A gateway to the region and a shopping mecca, Hong Kong wasn’t too keen on e-commerce until anti-government protests and now the novel coronavirus forced its citizens to retreat with their pets to the safety of their homes. Since retail establishments are never far away, only 4% of overall retail spending in Hong Kong was done online in 2018 while China managed 24%, based on a 2019 report by FIS Worldpay, a global e-commerce and payment technology company. Today, Hong Kong consumers don’t have much choice but to shift in a big way to home deliveries of ready-to-eat meals and groceries that include pet food.
Although no critical pet food shortage has been reported, Hong Kong’s trade with China, one of its major sources of pet food, was affected when the government closed most of its land borders with mainland China.
Malaysia’s partial lockdown to combat COVID-19 was originally set from March 18 to March 31, 2020, but has so far been extended three times, most recently to May 12. The erratic extensions of the Movement Control Order (MCO) have strained the supply of pet food in retail outlets nationwide.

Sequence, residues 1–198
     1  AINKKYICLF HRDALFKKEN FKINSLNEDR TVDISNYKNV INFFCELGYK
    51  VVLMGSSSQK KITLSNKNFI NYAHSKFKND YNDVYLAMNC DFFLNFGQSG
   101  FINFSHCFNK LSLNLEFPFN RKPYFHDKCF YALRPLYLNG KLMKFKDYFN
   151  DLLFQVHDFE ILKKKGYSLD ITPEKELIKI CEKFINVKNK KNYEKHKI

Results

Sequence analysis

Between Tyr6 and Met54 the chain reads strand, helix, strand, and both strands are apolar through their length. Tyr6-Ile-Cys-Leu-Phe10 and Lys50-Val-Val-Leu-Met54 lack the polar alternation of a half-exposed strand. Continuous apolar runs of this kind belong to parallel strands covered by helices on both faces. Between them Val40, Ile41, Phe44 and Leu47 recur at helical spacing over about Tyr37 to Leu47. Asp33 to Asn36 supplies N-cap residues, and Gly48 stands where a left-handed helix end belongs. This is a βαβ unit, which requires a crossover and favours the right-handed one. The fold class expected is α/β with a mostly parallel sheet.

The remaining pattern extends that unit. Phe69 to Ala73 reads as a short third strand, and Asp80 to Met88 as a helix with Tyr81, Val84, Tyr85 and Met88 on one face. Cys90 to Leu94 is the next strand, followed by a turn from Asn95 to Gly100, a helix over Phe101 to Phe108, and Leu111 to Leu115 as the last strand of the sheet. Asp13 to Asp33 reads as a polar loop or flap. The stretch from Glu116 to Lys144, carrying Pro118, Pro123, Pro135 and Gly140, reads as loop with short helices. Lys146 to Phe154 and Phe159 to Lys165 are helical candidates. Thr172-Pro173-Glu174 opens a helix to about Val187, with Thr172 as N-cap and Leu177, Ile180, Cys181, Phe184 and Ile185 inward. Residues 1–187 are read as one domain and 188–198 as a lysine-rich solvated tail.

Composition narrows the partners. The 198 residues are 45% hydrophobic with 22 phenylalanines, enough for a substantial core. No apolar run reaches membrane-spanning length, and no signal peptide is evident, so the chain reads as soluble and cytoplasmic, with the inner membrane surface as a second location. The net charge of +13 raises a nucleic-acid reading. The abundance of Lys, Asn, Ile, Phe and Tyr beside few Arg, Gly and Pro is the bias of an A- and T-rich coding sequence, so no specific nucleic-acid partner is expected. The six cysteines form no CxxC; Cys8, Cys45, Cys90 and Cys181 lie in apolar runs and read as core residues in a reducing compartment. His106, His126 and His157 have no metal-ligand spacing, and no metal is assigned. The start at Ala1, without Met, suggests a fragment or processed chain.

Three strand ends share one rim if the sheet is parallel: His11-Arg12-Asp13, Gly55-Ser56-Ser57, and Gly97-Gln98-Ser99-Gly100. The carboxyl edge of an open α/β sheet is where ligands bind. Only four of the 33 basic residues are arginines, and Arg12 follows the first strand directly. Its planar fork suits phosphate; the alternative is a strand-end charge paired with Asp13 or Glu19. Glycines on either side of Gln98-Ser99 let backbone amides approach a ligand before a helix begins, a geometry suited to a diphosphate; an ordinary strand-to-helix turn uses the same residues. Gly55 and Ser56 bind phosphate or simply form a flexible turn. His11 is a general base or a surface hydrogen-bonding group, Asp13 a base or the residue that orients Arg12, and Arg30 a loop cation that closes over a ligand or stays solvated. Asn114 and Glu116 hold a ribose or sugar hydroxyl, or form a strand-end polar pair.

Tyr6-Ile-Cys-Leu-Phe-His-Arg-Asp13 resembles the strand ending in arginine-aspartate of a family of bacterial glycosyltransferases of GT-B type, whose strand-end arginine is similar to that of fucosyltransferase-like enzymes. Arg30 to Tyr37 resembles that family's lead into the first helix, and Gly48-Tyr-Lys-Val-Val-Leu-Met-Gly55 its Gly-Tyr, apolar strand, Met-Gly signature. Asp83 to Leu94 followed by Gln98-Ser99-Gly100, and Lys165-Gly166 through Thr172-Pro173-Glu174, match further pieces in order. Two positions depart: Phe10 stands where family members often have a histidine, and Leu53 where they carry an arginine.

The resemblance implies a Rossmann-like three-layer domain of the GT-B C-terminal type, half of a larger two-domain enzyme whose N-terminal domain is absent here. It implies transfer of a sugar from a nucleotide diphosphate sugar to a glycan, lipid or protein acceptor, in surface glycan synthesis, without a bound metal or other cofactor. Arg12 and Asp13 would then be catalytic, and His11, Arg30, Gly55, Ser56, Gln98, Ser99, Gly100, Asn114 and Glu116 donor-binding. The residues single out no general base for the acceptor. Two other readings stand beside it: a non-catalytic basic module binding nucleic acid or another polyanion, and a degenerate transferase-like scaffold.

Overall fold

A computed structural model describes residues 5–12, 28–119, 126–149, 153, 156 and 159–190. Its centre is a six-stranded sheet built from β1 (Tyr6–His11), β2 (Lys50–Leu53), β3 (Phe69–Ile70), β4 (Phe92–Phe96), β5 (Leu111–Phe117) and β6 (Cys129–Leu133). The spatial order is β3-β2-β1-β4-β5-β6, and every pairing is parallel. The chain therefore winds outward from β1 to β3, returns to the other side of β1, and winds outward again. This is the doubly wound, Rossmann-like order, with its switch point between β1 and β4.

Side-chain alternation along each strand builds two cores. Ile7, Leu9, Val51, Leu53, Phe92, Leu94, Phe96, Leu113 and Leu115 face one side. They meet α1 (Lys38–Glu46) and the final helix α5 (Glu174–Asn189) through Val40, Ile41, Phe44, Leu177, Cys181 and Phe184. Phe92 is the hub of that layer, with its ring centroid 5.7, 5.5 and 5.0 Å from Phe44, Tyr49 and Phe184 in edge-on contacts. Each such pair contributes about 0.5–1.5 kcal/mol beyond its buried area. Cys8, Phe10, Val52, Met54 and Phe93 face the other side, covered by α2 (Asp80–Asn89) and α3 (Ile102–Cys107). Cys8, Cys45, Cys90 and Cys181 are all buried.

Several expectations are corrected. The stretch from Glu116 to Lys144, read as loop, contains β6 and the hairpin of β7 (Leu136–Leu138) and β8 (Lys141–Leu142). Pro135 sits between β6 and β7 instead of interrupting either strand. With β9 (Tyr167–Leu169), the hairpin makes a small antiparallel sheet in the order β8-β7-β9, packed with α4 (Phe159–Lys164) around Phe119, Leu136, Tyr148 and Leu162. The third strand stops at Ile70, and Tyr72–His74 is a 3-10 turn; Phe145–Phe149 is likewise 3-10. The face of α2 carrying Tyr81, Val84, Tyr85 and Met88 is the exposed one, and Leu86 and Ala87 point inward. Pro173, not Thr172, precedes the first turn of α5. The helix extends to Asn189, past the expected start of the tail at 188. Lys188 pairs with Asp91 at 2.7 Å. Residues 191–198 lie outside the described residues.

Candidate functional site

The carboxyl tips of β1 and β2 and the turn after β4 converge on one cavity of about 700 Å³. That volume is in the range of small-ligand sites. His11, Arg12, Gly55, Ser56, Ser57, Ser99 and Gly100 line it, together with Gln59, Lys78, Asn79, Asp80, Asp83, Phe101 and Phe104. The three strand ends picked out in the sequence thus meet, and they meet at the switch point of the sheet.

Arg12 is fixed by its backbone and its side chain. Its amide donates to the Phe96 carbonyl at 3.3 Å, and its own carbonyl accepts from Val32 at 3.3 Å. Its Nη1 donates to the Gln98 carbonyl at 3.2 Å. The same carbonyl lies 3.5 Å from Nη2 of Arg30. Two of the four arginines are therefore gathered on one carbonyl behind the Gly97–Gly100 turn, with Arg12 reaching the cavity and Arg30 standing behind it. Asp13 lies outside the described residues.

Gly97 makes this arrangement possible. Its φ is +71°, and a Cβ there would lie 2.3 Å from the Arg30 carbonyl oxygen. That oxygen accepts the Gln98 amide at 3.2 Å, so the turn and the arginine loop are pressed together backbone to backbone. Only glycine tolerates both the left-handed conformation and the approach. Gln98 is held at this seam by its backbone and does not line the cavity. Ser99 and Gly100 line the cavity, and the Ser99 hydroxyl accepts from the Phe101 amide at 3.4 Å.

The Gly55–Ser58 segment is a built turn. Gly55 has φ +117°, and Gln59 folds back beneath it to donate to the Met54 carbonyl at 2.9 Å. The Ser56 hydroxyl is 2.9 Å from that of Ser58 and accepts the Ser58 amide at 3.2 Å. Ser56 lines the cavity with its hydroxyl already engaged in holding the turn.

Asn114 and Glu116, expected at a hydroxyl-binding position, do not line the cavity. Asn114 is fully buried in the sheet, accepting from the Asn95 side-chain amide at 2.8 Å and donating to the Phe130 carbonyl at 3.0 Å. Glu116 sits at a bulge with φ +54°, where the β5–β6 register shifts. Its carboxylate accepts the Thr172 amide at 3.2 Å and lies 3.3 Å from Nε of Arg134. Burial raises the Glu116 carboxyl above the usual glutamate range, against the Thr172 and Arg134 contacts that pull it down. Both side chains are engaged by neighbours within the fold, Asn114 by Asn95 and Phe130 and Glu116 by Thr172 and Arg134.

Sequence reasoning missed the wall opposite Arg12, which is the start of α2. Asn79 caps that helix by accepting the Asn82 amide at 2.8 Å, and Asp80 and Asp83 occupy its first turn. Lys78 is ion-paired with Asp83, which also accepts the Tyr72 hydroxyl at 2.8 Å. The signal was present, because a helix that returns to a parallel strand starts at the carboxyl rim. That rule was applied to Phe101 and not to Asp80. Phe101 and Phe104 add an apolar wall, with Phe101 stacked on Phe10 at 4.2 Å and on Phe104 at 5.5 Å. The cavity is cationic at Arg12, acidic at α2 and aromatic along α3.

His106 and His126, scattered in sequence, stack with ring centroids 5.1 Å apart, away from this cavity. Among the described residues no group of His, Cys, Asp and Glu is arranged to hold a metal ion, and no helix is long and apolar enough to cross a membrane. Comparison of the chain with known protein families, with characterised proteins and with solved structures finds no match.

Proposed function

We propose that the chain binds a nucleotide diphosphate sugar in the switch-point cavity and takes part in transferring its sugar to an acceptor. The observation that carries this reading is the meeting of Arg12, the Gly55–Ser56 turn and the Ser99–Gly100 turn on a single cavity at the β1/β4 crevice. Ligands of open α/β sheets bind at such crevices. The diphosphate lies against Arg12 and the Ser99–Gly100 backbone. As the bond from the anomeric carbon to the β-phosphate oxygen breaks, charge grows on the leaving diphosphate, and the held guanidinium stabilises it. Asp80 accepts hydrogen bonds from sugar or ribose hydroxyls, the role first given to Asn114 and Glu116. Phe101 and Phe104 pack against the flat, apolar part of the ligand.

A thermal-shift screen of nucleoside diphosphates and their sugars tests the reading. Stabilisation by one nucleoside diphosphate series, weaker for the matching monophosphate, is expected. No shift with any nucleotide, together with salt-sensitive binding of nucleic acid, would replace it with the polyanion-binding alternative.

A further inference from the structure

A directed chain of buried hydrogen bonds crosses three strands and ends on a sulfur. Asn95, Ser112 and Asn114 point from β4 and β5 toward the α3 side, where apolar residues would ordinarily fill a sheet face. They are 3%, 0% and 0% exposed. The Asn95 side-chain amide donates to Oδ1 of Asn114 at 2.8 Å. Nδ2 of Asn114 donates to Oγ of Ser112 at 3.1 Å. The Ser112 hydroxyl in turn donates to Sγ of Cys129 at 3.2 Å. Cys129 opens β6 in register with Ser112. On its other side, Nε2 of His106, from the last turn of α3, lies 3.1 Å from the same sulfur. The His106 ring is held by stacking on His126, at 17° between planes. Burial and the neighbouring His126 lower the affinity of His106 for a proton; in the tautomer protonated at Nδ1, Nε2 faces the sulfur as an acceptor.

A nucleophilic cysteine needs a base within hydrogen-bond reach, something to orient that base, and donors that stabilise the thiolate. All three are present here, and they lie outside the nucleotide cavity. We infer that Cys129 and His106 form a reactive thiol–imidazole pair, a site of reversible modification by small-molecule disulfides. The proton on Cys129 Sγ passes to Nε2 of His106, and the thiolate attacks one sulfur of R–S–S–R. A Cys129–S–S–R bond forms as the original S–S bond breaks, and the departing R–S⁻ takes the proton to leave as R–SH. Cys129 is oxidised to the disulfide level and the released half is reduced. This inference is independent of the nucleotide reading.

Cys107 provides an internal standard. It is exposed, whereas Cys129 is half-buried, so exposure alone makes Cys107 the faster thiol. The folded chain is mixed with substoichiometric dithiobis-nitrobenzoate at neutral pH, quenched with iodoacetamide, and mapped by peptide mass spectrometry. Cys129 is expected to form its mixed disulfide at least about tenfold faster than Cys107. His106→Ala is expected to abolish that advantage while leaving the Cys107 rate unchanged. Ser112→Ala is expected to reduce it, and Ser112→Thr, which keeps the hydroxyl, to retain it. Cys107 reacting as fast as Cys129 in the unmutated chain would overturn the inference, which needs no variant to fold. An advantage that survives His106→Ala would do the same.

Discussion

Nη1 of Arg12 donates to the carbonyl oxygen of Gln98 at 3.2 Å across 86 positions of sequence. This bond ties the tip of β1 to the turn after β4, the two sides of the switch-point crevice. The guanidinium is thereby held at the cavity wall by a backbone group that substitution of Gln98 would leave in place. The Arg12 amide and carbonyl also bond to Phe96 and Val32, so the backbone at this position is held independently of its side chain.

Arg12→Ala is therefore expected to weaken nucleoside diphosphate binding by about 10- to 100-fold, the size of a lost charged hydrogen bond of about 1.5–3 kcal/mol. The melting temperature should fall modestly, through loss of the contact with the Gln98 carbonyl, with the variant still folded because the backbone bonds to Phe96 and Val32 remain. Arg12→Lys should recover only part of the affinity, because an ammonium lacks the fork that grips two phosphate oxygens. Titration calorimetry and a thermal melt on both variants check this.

Malaysia’s Ministry of International Trade and Industry classified animal feed as essential goods but treated pet food otherwise. This presents a problem to pet food producers like Pet World Marketing Sdn. Bhd. whose warehouse suddenly couldn’t receive and dispatch 3,500 pallets of pet food daily as it normally would. It also distributes to 20,000 retail points nationwide, but with all pet shops closed and supermarkets unable to receive more than a month’s worth of new deliveries during the MCO, the company feared that their furry customers were going to go hungry.